It clearly surpassed it graphically, and arguably in story telling and plot, and easily in terms of characterisation. So not literally then. Unless you really want to argue that half life is prettier than its sequel.


1. AI. The AI in half life 2 was one of the worst Ive ever seen. Where the first game pioneered enemies that used group tactics, flanking, grenades and covering fire the combine soldiers mostly stood out in the open and helplessly waited for death. Imagine my disappointment when I was ready for some white knuckle fire fights only to be able to stand out in the open and pluck the soldiers with my pistol for over half the game. Sure they hit harder later but its never challenging. This is probably its most glaring failure because it was one of the things the first game was most famous for. This alone can constitute it as a failure. The AI was litterally dumber then the standard horrible AI that was available at the time. They keep making games prettier, and they make the enemies shoot sharper and hit harder but they dont even bother trying to make them smarter even to this day.

2. Level Design. I get what they were going for really but they dropped the ball yet again here. With half the levels sparsely populated and poor excuses to simply show off the steam engine. While most first person shooters drop you on rails the environments felt so fake and manufactured it was extremely hard to become immersed in the game. Compare it to a game that came out around the Same time if not earlier, FEAR and there is a striking difference in the atmosphere .and Fear is one game that was horribly repetitive, but at least the levels looked believable. Now compare it to the original game, while not as pretty they went to great lengths to make an extremely coherent adventure, everywhere you go is part of a single complex all with their own purposes and can be obviously seen as such. As you wonder around black mesa you are actually wondering around black mesa instead of navigating a videogame. Id also take the environmental puzzles in the original game over the half baked physics puzzles that were more about showing off the engine then challenging the player. Even the games climax left you wondering around a sparse alien complex of questionable use and design. Id seen pretty games on the playstation 1 at this point. Graphics arent just smooth edges. I can design a really smooth room if it were mostly empty too. We should have moved past this years ago. The areas in half life had desks filled with clutter, freezers with meet and cases of food. While I wont say they were better entirely they were hardly worse in terms of design.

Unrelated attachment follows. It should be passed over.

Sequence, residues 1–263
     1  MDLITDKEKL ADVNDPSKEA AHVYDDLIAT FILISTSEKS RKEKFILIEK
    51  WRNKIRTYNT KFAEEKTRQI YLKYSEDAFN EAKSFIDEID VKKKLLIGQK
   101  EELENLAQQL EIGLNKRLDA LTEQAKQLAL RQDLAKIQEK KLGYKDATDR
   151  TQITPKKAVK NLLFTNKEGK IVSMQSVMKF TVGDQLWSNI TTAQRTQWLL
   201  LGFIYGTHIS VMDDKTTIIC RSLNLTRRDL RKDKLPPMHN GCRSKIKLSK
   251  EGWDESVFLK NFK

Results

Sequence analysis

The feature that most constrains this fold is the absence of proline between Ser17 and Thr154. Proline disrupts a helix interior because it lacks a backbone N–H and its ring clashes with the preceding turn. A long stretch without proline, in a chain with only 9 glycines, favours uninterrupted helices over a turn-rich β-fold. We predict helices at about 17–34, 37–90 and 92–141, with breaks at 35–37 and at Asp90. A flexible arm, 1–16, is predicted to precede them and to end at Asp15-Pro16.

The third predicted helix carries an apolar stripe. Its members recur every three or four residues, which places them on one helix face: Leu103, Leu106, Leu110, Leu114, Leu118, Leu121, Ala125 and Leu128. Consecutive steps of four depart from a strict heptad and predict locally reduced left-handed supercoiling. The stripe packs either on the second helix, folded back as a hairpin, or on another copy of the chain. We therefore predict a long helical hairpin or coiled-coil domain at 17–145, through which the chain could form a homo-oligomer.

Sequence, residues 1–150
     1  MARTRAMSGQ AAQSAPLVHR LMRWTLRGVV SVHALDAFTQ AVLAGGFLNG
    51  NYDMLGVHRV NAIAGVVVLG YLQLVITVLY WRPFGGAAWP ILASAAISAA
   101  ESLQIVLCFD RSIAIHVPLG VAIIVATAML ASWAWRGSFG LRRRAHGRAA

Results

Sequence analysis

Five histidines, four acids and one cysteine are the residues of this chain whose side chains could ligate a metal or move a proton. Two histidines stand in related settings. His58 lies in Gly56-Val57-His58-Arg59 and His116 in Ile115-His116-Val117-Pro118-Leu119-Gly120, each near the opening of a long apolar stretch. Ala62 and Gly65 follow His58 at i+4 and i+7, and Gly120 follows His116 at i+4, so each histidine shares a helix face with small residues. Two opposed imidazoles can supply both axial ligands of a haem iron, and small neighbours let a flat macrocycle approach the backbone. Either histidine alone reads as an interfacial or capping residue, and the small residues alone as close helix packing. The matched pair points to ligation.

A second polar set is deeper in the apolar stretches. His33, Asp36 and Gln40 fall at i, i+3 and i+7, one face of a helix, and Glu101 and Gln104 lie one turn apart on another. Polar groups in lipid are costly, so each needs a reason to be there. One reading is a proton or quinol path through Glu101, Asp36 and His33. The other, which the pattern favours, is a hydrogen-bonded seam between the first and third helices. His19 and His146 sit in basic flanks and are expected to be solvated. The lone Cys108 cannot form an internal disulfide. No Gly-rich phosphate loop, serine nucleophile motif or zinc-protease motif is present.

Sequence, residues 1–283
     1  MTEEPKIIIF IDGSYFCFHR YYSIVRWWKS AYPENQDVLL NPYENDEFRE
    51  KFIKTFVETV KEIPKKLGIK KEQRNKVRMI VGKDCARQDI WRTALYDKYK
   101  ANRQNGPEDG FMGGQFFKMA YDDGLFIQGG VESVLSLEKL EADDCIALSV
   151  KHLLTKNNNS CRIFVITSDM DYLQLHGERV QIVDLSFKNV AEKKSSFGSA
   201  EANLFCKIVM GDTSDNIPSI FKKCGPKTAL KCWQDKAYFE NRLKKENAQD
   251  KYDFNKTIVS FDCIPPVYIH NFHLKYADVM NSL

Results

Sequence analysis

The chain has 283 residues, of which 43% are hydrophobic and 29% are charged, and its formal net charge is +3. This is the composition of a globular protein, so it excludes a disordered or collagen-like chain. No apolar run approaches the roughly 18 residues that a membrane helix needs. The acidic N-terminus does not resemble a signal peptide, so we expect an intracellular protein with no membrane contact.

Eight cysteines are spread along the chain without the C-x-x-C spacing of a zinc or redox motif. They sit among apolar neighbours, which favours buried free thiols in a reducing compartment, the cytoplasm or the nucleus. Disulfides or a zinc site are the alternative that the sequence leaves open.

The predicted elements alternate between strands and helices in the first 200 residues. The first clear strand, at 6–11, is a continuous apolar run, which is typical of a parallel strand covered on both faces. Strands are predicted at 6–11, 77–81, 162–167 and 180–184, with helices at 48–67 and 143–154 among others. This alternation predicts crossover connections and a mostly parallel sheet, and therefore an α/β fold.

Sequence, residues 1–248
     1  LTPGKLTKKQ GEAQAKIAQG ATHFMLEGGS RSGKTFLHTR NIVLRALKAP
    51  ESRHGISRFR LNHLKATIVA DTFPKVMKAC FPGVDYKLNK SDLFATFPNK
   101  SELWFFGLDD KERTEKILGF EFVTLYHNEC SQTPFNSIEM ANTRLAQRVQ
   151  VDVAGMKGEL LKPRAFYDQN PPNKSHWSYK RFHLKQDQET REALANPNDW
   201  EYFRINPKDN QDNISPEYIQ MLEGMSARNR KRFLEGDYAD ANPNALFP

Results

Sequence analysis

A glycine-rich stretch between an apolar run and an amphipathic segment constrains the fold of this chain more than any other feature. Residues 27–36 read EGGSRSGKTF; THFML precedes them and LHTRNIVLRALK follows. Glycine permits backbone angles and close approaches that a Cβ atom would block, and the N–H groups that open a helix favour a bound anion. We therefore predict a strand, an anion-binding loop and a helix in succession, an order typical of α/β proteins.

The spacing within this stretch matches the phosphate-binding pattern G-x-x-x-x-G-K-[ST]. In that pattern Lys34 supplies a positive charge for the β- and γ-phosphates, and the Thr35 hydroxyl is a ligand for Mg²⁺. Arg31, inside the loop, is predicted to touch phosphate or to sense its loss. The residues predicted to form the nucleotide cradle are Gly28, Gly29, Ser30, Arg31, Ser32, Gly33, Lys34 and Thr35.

3.Story. I might catch some extra flack here so Ill say this one is a bit more subjective then the others. Essentially half life 2 failed to improve on the story telling of a ten year old game with almost no story. The original game at least did a good job of pulling you into the moment, telling the story of the accident through your own actions as you attempt to survive. But for the most part that was it, point a to point b. In this case less was probably more though. Glimpses of G-man doing his thing or hearing radio chatter or conversations of the commandos about sanitizing the the complex helped move you along. While half life 2 featured a ton more dialogue it was almost entirely pointless. You were just trucking along, helping the resistance out this time but without the benefit of the strong introduction that even half life 1 managed. You were left even more lost having no real idea what happened in the intervening time besides some conversations. I remember first coming across the friendly vortegunnt. After a brief explanation that in no way did justice to the situation you are left to think "huh, they are helping us now" and move right along, never really touching the subject again. The game basically does this with every plot point. Glossing over events, introducing points or sights but never really explaining them. You hardly even got an explanation as to how earth was conquered. You finally beat the game and are only given cryptic answers and more questions. If you actually believed valve had a plan that might be acceptable but it should be obvious at this point years later that they just had no clue what they were doing. Half life 3 is still probably 10 years off. IF they had some grand story telling plan why wait? Why waste time and lower interest in the franchise even more? They can roll out left 4 dead 2 in 9 months but cant make half life 3 in over 5 years? It honestly seems like they are doing everything possible to avoid making another half life. That doesn't say to me that they had some grand plan in mind.


'They treated their flagship game as a graphics demo.

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Re: Half-Life vs. Half Life 2

Postby SlyReaper » Sat Nov 06, 2010 1:44 pm UTC

traveltheory wrote:
mister k wrote:
traveltheory wrote:Half life 2 failed to surpass the original in literally every way.


would you like to list these? [Also, double posting=bad. Its called the edit button]

It clearly surpassed it graphically, and arguably in story telling and plot, and easily in terms of characterisation. So not literally then. Unless you really want to argue that half life is prettier than its sequel.


1. AI.

2. Level Design.

3.Story.


'They treated their flagship game as a graphics demo.


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Re: Half-Life vs. Half Life 2

Postby distractedSofty » Mon Nov 08, 2010 12:00 am UTC